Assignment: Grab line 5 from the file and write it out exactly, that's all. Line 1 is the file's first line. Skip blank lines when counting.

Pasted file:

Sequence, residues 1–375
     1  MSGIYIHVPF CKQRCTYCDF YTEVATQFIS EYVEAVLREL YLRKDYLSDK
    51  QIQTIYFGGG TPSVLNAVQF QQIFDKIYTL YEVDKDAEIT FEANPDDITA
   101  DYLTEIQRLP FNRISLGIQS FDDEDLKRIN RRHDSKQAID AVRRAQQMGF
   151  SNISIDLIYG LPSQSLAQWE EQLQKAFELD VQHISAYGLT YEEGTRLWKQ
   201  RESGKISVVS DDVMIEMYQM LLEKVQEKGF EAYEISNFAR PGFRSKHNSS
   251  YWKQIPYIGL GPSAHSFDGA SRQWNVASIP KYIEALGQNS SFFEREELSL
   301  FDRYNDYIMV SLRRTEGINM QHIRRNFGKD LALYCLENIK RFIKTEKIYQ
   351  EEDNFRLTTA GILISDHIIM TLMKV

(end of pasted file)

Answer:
   151  SNISIDLIYG LPSQSLAQWE EQLQKAFELD VQHISAYGLT YEEGTRLWKQ